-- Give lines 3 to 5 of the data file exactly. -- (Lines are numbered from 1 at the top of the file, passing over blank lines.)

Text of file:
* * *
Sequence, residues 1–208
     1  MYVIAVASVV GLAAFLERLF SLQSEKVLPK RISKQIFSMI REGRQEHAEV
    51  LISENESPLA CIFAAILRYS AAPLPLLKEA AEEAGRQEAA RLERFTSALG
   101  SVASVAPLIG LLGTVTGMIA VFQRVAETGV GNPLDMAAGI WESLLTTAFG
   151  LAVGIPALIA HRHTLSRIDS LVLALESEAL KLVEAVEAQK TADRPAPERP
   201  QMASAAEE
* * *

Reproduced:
    51  LISENESPLA CIFAAILRYS AAPLPLLKEA AEEAGRQEAA RLERFTSALG
   101  SVASVAPLIG LLGTVTGMIA VFQRVAETGV GNPLDMAAGI WESLLTTAFG
   151  LAVGIPALIA HRHTLSRIDS LVLALESEAL KLVEAVEAQK TADRPAPERP